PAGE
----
Hellen Keller once said, “Blindness cuts us off from things, but deafness cuts us off from people.” Undeniably, the sense of hearing is one of our most essential senses; hearing allows us to connect to the world for various critical, even life-saving reasons. Hearing allows us to communicate with others at a level that is not possible with any of our other senses. In general, our communication capacity is harmed severely as our hearing loss worsens. However, even moderate hearing loss significantly impacts our daily lives.
With the advent of technology, we live in a society of consumer electronics and personal audio boom. The invention of speaker has made listening to sounds or music even more enjoyable to some. However, most people have become so private that they prefer listening music using their headphones, which has contributed essentially to hearing loss of most people. But, if you utilize them responsibly, they’re fine. Some people believe that hearing loss epidemics are caused by people listening to headphones too loudly. Even though this is a little sensationalist, it is critical to recognize your limits and avoid hurting your hearing. If you like your music at a fair volume but not so loud that you’re drowning out other sounds, you’re doing it correctly.
Listening to loud music is one favorite pastime, especially for children and teens. However, they do not realize that the too loudness of headphones is destroying a sense of hearing. For instance, firecrackers or other loud noises can cause temporary or permanent hearing loss if heard too close to the ear. Hearing loss can also develop over time because of damage caused by exposure to loud noises. Hearing loss takes a shorter time to establish if a sound is more audible. More prolonged exposure to noise can lead to hearing loss, primarily when hearing protection is not used, or there is not enough time for the ears to rest between exposures.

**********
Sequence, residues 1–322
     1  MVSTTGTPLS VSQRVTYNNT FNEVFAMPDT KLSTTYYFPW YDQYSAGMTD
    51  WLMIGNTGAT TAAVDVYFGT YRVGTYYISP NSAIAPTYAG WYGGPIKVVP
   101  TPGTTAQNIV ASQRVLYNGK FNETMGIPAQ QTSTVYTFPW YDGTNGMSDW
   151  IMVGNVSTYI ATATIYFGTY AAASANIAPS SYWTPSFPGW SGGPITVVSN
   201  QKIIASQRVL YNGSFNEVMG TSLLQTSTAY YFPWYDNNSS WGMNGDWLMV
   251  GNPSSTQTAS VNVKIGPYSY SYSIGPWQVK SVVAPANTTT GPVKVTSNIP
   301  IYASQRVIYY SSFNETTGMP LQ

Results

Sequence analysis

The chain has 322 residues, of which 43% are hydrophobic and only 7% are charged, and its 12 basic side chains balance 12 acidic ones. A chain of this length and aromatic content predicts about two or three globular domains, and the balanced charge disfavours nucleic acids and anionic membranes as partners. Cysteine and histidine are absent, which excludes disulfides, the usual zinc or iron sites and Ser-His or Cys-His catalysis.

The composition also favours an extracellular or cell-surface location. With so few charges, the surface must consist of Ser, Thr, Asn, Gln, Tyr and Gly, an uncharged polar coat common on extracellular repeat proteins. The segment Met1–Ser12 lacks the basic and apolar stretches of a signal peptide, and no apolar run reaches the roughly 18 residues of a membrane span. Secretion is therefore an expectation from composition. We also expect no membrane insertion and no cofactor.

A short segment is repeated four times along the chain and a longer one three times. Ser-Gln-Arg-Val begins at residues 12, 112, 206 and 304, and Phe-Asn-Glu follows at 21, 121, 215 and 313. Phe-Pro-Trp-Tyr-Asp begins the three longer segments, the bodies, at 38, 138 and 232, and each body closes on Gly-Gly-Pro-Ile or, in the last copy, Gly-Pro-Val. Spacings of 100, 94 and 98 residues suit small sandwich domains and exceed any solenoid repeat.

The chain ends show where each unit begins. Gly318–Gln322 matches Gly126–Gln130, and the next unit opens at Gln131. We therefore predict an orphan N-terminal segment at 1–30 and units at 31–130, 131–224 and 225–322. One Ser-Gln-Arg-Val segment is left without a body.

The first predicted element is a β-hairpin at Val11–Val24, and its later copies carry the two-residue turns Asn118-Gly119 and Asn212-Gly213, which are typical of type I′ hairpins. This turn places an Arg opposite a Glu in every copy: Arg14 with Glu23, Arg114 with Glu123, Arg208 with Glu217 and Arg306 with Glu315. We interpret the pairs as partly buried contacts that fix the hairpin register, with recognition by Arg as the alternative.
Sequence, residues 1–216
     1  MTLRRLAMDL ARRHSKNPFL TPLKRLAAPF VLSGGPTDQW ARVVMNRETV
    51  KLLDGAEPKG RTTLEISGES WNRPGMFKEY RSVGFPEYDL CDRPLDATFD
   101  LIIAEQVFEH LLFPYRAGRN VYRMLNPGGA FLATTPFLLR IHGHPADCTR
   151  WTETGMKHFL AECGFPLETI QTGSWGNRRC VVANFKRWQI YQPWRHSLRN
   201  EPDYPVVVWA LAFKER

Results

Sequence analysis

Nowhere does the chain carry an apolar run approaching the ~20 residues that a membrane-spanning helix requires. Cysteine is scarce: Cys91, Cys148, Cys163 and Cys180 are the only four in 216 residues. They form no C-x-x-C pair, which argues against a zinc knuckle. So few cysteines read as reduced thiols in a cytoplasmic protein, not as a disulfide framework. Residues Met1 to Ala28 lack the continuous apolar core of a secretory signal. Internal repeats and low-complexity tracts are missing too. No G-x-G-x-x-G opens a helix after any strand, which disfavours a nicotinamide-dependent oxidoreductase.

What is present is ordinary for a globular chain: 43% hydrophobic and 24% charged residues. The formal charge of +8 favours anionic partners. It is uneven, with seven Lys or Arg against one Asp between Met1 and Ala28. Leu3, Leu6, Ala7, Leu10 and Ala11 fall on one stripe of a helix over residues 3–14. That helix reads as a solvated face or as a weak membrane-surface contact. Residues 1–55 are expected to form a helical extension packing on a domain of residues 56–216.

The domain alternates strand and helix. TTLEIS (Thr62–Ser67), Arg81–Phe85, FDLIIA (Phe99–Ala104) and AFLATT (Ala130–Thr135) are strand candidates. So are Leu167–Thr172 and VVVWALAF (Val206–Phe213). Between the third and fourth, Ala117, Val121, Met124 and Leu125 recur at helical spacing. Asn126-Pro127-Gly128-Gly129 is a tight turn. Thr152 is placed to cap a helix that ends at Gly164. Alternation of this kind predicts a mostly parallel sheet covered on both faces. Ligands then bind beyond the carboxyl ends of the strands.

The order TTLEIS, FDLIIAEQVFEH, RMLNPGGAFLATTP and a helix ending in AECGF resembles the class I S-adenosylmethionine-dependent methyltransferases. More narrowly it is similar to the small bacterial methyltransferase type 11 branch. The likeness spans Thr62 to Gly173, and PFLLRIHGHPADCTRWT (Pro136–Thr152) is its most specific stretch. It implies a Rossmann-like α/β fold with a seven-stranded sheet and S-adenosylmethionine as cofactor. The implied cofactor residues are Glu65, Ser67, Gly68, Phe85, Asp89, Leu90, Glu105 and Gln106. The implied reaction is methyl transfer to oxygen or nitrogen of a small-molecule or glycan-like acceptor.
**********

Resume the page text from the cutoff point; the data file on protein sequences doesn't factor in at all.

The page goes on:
Factors that Affect Hearing Loss
Constant exposure to loud or very loud sounds can cause faster and more significant damage to your ears. Like height, the sound is quantified in decibels (dB), a unit of measurement derived from the metric system. The human ear can hear only so many frequencies or pitches. Parents should be aware that many of the technologies that youngsters use today have noise levels substantially higher than 85 dB. 94-110 dBA is a typical volume level for music played over headphones at total volume.
As you get closer to the source of a sound, the volume increases, and as you travel further away, the volume decreases. Hearing loss is significantly less likely if you are far away from the noise source. Sitting away from the speakers, for example, can lower your risk.
Throughout a person’s lifetime, the effects of noise accumulate. In the long run, too much exposure to loud noises might cause permanent damage to the eardrum. Even a single, noisy event that lasts for a long time can be damaging.
How to Prevent Hearing Loss
You must be aware of the noise levels you are exposed to daily to safeguard your hearing. In many cases, the noise levels in our workplaces, homes, and communities much exceed the safe limits, putting our ears at risk of injury or loss. If you want to keep your ears safe and prevent hearing loss, read on to learn how many decibels are too loud and what noise levels you should avoid.
1. Avoid too much noise. The average noise level considered safe for our ears is 70-85 decibels. To minimize hearing damage and possible loss, you should avoid prolonged or repeated exposure to noise levels exceeding 85 decibels. When you must yell to be heard, the volume is too loud for your ears to handle. Power tools such as saws, drills, headphones, and motorbike exhaust are all sources of deafening noises. Learn more about the link between hearing loss and exposure to loud music.
2. Be a Noise Police. Consider purchasing low-noise products and devices. If you are in a public place, you can also ask the manager or an event organizer to turn down the sound if it’s too loud in the movie theater, a restaurant, or any other place you visit frequently. Carrying an earplug is also an excellent idea.